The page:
For all of Auntie Mame's talk about her book, I'd never read a word of Buffalo Gal, subtitled The Personal History of a Modern George Sand, nor had anyone else. But around November a thick bundle of manuscript arrived. . . . No one could deny that Auntie Mame's was a big book. It ran just shy of nine hundred typewritten pages, but no matter how much you loved her you could never say it was good. Although Auntie Mame was a fascinating talker, knew a lot of interesting people, and had excellent taste in her own reading, her prose style was that of a gifted amateur—a bit too florid, a bit too irresponsible, and often unconsciously funny. She had also been too scrupulous a reporter and told much more than was absolutely necessary about some of her dearest friends.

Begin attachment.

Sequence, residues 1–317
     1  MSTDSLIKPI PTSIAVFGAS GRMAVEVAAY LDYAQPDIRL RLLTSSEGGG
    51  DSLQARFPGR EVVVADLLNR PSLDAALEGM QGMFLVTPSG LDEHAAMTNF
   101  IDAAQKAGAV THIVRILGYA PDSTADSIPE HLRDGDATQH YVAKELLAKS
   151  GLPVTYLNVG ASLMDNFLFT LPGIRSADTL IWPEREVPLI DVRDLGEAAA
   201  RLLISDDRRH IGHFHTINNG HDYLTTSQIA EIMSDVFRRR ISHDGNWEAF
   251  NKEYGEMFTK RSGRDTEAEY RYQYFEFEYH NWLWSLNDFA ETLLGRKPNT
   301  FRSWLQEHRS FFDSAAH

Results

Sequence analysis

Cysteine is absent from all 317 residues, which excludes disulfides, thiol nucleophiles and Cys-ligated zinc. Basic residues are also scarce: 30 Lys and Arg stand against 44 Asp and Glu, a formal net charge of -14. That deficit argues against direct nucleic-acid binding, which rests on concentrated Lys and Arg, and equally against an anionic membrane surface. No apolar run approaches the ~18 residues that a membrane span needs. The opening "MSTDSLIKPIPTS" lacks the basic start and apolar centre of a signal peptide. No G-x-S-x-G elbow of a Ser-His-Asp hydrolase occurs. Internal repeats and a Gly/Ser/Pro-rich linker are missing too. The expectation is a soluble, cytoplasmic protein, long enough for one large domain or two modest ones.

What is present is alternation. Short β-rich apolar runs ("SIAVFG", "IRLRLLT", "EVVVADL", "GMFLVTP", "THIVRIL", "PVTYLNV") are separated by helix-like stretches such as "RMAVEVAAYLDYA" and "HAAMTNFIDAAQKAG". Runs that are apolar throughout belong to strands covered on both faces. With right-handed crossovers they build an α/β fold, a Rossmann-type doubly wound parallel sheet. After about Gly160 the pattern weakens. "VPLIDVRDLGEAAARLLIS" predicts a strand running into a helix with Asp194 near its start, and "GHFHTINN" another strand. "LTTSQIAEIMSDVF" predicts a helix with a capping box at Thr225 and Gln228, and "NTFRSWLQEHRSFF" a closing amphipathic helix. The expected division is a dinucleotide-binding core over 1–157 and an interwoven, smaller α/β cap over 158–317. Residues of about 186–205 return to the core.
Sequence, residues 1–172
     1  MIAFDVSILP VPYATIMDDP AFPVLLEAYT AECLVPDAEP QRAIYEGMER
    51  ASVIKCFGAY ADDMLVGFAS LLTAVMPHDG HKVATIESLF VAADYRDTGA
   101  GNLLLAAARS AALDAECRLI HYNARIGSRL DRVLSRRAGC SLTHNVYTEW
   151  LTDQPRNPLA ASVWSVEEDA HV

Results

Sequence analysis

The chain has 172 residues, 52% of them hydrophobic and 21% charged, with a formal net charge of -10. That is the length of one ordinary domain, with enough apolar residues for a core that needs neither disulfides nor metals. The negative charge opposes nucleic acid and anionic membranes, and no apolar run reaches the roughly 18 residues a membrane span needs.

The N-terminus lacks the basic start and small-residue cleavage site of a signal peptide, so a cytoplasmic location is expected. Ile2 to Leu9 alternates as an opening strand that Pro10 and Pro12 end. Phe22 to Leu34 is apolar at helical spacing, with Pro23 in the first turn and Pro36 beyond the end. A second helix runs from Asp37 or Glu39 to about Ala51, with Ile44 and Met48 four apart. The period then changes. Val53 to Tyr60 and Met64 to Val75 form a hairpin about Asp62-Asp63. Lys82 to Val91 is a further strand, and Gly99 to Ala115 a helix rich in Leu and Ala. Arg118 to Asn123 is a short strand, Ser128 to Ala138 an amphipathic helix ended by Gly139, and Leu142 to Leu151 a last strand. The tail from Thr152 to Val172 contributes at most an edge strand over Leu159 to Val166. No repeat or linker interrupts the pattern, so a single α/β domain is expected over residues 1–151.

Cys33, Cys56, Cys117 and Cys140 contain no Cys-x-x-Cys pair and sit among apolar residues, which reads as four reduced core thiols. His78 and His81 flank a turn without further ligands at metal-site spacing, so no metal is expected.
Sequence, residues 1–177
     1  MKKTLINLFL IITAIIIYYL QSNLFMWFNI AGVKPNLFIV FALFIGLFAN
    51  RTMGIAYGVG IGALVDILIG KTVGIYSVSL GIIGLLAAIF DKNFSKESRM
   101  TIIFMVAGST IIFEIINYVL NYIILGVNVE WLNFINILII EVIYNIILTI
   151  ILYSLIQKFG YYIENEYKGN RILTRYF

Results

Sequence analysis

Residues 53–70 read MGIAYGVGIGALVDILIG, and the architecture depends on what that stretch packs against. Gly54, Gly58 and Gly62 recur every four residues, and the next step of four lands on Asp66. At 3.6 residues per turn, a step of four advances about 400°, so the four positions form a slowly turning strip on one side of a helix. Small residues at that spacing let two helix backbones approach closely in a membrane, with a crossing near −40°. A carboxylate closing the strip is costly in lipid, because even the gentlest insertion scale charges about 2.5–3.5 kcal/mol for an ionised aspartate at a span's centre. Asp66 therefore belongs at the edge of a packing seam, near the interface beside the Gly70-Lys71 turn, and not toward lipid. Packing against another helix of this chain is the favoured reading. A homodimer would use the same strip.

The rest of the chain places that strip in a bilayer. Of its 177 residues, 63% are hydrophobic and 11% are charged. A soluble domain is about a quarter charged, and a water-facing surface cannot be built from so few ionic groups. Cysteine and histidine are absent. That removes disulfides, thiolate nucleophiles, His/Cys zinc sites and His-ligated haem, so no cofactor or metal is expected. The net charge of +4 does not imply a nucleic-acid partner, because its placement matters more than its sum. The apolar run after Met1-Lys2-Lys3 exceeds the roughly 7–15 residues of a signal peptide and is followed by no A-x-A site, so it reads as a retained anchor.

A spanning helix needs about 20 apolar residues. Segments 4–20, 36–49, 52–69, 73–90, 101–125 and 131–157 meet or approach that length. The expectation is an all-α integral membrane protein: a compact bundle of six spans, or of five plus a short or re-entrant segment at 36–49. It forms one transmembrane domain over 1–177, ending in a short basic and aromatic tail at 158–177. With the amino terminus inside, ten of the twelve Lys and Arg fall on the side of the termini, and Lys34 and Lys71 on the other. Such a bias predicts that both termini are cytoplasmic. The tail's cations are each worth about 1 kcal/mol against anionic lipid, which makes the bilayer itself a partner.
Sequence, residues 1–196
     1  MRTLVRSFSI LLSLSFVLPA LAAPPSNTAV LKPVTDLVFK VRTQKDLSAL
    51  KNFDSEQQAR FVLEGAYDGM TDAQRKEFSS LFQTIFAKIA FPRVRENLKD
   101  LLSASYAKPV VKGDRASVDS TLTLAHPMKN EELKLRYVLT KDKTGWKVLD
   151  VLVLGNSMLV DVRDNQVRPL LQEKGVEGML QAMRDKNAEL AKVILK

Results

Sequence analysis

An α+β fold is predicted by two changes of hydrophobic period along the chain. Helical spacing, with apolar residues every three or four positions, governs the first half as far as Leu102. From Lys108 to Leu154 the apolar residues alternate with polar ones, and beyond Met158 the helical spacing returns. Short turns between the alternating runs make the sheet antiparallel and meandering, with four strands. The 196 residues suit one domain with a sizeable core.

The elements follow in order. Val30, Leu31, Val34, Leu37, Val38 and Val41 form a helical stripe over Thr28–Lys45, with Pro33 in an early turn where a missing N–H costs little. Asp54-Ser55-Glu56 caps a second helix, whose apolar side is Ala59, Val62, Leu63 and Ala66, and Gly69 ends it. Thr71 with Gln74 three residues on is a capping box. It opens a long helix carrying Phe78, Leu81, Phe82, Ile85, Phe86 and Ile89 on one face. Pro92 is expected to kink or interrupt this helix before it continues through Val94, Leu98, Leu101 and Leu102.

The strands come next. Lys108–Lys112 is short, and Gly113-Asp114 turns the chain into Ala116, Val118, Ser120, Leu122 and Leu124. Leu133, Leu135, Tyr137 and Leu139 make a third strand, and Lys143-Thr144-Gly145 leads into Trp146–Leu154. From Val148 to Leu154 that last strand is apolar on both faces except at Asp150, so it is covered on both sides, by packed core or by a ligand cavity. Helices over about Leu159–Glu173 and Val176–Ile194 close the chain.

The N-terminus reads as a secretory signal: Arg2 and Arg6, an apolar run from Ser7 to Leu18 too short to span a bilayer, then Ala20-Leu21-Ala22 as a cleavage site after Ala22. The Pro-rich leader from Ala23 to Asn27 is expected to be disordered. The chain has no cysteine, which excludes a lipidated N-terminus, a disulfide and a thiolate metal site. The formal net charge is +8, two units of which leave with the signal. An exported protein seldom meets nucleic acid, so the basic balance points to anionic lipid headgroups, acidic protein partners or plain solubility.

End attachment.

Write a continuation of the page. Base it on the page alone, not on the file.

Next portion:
Patrick Dennis, Auntie Mame (New York: Broadway Books, 2001), p. 100 (orig. pub. 1955)